March 30th, 2011
01:54 PM ET
A Food and Drug Administration advisory committee began weighing evidence Wednesday on whether dye additives in food affects behavior in children. The panel listened to testimony from doctors and scientists who contend that studies, although small in many cases, do show that some kids begin to show signs of hyperactivity once they are exposed to certain dye mixtures.
The question is, should the FDA committee urge the agency to strengthen its regulation of these ingredients?
According to the experts who testified, European companies already are dropping dyes including Blue #1, Yellow #5, Green #3 and others and substituting natural dyes for them. But the United States still allows artificial dyes, mostly for aesthetic reasons, not for taste.
“Why are these dyes in these foods anyway?” asked Michael Jacobsen, executive director of the Center for Science and the Public Interest, a watchdog group on nutrition and food safety. “I would push for having them taken out completely. But if that can’t be done, why not warn the public and parents that these dyes could have some effects?”
The idea that dyes in food causes ADHD was first noted in Why Your Child is Hyperactive, a book written by Dr. Benjamin Feingold in 1975. The eating style described in the book became known as the Feingold Diet. He found if you eliminated artificial food dyes and additives in American diets, cases of hyperactivity in children, later defined as ADHD, would decline. But reviews of the data found that the correlation between dyes and hyperactivity were inconsistent.
Although numerous data have been collected on food dyes and hyperactivity in kids over the past decade, critics say the design of the studies has been weak. They note many of the studies were performed on small groups– many involved no more than 25 children. They also noted that much of the observation data (how the child acted) was reported by parents and not by clinicians. And they pointed out that most of the dyes tested were combined into a dye mixture and not tested individually.
The most recent studies to bring food dyes and ADHD back to the public eye was a 2007 project conducted by researchers at the University of Southampton in the United Kingdom. It showed that artificial food dyes along with sodium benzoate (a white crystalline salt used as a food preservative) increased ADHD symptoms in both hyperactive and non-hyperactive children. That study was followed up by another paper in 2010 by the same researchers who looked at the connection between food dyes, ADHD and histamine, a chemical that’s produced in the brain when the body is having an allergic reaction.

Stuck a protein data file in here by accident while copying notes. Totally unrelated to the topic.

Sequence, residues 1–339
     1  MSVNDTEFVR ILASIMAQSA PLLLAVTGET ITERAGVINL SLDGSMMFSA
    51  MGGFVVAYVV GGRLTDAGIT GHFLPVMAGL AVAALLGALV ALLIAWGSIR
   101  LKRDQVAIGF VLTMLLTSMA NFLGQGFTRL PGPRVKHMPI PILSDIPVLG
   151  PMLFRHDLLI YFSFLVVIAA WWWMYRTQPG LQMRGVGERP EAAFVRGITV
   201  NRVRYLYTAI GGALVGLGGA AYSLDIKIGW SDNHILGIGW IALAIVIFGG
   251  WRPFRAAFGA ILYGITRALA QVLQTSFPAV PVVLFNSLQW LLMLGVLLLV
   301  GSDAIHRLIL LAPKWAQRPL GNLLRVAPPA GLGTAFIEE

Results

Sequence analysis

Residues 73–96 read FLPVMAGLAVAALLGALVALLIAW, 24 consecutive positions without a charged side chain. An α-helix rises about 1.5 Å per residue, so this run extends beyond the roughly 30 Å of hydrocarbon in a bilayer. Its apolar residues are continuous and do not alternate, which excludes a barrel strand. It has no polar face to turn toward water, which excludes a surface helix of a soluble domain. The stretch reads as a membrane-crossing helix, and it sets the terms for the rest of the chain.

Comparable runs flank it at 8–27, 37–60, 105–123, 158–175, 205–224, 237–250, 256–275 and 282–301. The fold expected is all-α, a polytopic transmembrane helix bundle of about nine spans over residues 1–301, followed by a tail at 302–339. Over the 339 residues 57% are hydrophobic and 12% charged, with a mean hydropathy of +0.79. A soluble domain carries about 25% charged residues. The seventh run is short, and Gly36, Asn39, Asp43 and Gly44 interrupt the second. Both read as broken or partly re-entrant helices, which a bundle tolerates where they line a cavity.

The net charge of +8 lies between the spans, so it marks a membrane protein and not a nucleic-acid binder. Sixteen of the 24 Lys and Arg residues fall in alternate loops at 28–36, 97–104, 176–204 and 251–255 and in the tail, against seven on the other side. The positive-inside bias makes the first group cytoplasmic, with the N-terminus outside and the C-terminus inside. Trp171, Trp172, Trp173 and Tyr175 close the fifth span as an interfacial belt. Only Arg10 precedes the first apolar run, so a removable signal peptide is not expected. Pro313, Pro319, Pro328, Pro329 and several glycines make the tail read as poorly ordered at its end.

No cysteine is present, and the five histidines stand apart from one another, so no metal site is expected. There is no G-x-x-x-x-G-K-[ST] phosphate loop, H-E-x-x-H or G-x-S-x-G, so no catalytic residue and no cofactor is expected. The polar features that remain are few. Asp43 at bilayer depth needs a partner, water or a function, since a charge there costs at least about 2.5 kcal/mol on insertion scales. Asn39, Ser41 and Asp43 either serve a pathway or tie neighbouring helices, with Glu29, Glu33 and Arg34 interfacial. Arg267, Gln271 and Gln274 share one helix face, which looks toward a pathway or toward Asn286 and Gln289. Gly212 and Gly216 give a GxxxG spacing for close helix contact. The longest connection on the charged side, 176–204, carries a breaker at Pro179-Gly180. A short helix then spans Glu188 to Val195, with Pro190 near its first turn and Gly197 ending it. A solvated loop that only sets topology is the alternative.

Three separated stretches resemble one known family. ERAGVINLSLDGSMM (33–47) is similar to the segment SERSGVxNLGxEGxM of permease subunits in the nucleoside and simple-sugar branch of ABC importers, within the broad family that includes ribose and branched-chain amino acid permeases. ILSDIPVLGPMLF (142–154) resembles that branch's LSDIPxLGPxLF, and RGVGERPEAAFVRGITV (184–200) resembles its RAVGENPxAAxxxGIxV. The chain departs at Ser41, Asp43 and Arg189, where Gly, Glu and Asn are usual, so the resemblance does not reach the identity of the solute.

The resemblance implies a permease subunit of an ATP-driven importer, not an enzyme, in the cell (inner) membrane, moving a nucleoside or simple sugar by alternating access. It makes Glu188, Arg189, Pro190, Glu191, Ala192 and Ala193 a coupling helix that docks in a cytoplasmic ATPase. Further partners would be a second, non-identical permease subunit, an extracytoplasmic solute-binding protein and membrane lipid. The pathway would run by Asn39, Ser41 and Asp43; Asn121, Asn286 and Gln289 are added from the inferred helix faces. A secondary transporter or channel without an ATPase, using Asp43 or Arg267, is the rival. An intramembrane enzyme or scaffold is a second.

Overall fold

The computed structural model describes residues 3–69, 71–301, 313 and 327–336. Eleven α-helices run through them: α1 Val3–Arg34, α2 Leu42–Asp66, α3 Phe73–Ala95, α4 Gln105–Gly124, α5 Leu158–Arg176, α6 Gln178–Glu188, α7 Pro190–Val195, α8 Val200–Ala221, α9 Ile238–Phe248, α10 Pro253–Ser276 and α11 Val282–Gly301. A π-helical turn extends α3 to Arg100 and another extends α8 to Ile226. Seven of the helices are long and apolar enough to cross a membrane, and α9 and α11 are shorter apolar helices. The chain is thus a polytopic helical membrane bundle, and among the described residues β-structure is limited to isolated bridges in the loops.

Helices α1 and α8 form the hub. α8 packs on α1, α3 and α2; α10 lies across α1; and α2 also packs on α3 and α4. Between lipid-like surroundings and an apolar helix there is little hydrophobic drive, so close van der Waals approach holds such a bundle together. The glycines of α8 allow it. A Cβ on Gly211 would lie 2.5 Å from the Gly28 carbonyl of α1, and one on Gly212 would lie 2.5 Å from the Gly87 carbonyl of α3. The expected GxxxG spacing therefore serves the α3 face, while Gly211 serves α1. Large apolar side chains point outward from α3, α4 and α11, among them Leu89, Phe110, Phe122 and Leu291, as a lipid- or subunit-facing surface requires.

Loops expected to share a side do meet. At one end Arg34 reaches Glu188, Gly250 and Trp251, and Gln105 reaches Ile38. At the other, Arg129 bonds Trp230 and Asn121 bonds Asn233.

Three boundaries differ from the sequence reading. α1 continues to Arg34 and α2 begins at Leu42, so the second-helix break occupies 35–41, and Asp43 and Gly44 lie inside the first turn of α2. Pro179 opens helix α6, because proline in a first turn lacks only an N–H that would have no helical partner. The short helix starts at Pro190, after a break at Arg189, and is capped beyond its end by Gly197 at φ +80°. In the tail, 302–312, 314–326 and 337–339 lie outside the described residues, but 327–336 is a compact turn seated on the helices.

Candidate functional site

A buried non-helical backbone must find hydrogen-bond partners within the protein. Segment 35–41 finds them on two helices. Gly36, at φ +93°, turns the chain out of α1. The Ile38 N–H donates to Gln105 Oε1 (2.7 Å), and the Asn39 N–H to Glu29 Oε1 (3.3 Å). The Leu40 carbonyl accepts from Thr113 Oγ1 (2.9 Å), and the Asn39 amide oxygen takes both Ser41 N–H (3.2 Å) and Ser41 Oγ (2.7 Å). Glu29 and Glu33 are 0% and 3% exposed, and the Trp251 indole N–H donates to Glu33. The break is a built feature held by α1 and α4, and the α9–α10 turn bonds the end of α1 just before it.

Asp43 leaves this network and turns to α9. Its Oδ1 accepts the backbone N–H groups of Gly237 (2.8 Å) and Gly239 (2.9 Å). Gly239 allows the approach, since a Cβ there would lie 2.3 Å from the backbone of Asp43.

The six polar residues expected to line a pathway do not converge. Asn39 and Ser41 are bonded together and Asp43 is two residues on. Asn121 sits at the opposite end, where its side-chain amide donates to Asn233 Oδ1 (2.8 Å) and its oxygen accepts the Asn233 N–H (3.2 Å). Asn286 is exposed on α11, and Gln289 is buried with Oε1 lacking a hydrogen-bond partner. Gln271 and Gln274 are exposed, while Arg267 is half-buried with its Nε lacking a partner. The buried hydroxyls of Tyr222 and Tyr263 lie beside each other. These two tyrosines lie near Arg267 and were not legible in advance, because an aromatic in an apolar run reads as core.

“We found mixtures of certain artificial colors together with sodium benzoate preservative in the diet increased the average level of hyperactivity in 3 and 8/9 year old children in the general population,” Dr. Jim Stevenson, a professor at the School of Psychology at the University of Southampton, and lead author of the study, testified Wednesday.
“We found mixtures of certain artificial colors together with sodium benzoate preservative in the diet increased the average level of hyperactivity in 3 and 8/9 year old children in the general population.”
Yet, it was noted that when the Southampton data were unveiled to the European Food Standards Authority, a European version of the FDA, the EFSA found the evidence weak.
But some groups in the United States say the findings are another reason that dyes should go. A recent report issued by CSPI looked at data from a number of studies related to artificial food dyes. Jacobsen argued to the board Wednesday that artificial food dyes are not safe for humans and can be connected to numerous health problems, including ADHD allergies, even cancer
“The average child consumes approximately 121 milligrams of artificial dyes a day," Jacobsen asserted. “That’s a lot. And dye in food is used twice as much as it was in the 1970s. These are noted scientific effects. There are other factors that could affect child behavior, but if we can take out food dyes as a factor, why not?”
No action was taken Wednesday. Public and industry testimony will take place on Thursday. The advisory committee is expected to make its recommendation Thursday afternoon. Although the committee only makes recommendations to the FDA, the agency usually follows those recommendations.
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